St. Pete Shuffle 10th Anniversary Party
Fri. April 10, 7-11 p.m., St. Petersburg Shuffleboard Club, 559 Mirror Lake Dr. N., St. Petersburg. facebook.com/StPeteShuffle/events.
Twentysomethings, families and retirees gather every Friday evening at the Mirror Lake complex to participate in a sport that used to be strictly the realm of old folks. Children cavort on the lawn as shufflers compete on the courts. Inside the clubhouse, an Old Florida-style rec room houses a charming bamboo-framed floral sofa set, where teens gather to play chess and shoot pool.
The revival of the old-timey Florida pastime began 10 years ago this month with the emergence of the weekly event called St. Pete Shuffle. The club’s 72 playable shuffleboard courts on the northeastern edge of downtown St. Pete had been long neglected until an artist group called The Artillery, co-founded by Phillip Clark, saw an opportunity to bring life back to the picturesque, historic landmark by hosting art shows with bands on Friday nights.
The history of the complex itself goes back more than 90 years ago to Connecticut jeweler Phineas T. Ives, who spearheaded efforts to bring shuffleboarding to St. Petersburg. He persuaded the city to build courts in Mirror Lake Park in 1923. A year later, six friends formed the St. Petersburg Mirror Lake Park Shuffleboard Club, and the first solely shuffleboard club in the world was born. It would become the largest of its kind, a major destination for shufflers with some 5,000 members during its peak years in the 1940s and ’50s. When interest in shuffleboard waned in the late 1960s and ’70s, the complex fell into disrepair. In 2009, the city helped restore it, spending $700,000 in repairs.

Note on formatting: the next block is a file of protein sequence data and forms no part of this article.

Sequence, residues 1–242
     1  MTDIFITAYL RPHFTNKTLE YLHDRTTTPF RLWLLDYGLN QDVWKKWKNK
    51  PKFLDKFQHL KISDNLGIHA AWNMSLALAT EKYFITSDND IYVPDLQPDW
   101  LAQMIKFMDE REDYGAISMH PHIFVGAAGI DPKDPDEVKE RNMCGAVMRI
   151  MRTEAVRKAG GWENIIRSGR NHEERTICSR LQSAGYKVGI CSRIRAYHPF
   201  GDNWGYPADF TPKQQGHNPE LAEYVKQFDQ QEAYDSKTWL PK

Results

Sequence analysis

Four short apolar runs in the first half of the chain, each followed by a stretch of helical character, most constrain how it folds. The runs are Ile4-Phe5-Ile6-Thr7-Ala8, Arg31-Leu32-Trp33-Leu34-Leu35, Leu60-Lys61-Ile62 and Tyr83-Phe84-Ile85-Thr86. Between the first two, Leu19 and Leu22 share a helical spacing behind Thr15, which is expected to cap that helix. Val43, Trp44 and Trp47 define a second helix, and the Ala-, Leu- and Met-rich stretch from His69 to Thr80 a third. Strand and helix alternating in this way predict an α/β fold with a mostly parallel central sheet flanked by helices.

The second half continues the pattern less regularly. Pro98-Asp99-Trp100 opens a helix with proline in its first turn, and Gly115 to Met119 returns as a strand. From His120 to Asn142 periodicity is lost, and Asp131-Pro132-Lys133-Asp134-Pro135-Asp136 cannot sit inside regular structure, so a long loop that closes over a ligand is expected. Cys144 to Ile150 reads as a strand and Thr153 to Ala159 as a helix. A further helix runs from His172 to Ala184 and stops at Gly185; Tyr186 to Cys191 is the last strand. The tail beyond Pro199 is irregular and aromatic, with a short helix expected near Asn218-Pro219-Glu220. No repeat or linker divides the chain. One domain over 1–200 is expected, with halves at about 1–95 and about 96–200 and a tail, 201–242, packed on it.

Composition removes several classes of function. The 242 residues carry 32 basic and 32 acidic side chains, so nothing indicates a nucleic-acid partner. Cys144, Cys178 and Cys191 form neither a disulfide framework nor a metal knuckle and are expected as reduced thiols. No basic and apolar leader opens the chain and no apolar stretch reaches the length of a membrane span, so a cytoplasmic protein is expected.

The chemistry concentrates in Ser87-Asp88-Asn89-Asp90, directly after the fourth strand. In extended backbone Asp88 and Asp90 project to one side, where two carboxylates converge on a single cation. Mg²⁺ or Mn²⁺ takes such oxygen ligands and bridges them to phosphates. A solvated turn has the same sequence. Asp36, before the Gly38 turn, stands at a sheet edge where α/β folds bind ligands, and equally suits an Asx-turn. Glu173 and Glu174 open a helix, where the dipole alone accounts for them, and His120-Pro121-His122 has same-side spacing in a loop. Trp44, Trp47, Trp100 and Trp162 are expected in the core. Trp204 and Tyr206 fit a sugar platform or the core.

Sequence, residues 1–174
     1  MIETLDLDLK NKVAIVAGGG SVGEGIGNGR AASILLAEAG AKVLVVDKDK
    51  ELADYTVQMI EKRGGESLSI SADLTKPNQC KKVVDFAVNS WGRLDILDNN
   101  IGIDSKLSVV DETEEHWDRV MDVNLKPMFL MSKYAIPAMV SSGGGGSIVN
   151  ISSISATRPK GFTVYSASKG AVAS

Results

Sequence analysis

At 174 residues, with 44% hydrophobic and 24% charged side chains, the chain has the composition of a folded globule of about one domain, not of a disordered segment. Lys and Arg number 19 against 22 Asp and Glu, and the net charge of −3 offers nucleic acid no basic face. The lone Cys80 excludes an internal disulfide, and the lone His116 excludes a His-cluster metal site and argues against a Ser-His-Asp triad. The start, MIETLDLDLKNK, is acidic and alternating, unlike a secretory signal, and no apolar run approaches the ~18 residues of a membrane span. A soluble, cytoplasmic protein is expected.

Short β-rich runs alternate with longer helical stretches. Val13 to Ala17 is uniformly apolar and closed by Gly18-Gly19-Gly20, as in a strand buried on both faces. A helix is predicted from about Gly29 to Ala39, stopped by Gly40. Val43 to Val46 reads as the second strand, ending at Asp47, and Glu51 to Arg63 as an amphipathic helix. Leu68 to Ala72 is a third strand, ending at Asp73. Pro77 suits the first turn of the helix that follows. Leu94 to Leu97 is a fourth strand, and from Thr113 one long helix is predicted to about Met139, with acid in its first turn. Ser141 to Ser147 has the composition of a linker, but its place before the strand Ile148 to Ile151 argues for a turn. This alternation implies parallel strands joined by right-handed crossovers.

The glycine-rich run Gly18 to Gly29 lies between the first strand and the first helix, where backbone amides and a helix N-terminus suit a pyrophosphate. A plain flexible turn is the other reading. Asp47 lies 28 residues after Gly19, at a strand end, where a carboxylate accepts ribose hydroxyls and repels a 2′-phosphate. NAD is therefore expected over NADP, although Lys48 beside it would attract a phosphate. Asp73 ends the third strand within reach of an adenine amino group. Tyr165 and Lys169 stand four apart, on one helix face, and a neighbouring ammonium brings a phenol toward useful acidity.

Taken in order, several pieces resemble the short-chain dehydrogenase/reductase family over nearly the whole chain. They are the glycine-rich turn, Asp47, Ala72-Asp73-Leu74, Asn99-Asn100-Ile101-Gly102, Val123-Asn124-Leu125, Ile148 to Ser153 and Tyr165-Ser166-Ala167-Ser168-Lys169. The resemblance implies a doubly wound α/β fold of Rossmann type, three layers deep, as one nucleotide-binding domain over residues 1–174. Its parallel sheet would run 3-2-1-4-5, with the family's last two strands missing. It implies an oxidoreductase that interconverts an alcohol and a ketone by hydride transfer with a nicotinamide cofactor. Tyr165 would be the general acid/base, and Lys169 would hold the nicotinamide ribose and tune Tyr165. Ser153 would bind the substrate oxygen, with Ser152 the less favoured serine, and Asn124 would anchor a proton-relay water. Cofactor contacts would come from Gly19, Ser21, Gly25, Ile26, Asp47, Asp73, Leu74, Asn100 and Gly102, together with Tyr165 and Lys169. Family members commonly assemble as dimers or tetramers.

In addition to shuffleboard nights, weddings, baby showers, and birthday party rentals take over the club each week. Recent events include the annual Tweed Ride, which drew a crowd of Roaring Twenties-costumed bike riders, despite an unusual late-February storm. Last November, Creative Loafing held its first Crafts & Drafts event at the club.
“After decades of decline, the past 10 years have been a steady growth,” said St. Pete Shuffle Executive Director Christine Page, who recently stepped down as president after serving six years. “I heard that by 2005 there were only 35 club members. Now we have 600 members. We’re open four days a week instead of just Friday nights. We have a weekly league night for club members with 140 players.”
St. Pete Shuffle Fridays are still a volunteer-driven effort, Page said. This week, the place is abuzz with preparations for the 10th Anniversary Party with music by accordionist Nick Boutwell and singer-songwriter Rebekah Pulley, and art by some of the artists who’ve been showing at Shuffle events over the past 10 years — Chad Mize and Clark (who designed the club’s first promo and recent anniversary ad illustration), Daniel Mrgan, Natty Moss Bond, Coralette Damme and several others.
“My favorite big event was the I Love St. Pete show in December 2005,” Page recounted. “It was the first large event organized after the Friday nights started. There was a chalk art contest on the worn-out courts — now restored! Rebekah Pulley played for the first time at the club that night. Eight hundred people came out for the art and music and shuffleboard. It was amazing.”
Founding member Chris Kelly recalled how shufflers came through for him in the early years when he walked around asking for contributions toward purchase of a new PA system. “I ended up in tears, because people were handing me $10, $20 and $50 bills. I was gobsmacked at how the community saw the event as their own, understood and supported what was possible.”
During last Friday night’s Shuffle, New York visitor Laura Duch played the courts in a Mize-designed “Paris, London, Tokyo, St. Pete” shirt gifted from her sister. She mentioned that she’d frequented the Brooklyn club, and added, “I’m amazed that we get to do this for free.”
Correction and clarification: CL did not include the names of all of the founding members of St. Pete Shuffle. According to president Christine Page, the undertaking was a joint effort by Phillip Clark, Mary Eldridge, Chris Kelly, Kristy Knowles, and Chad Mize. Also, the club didn’t raise $100,000 for repairs. The city spent $700,000 on repairs in 2009.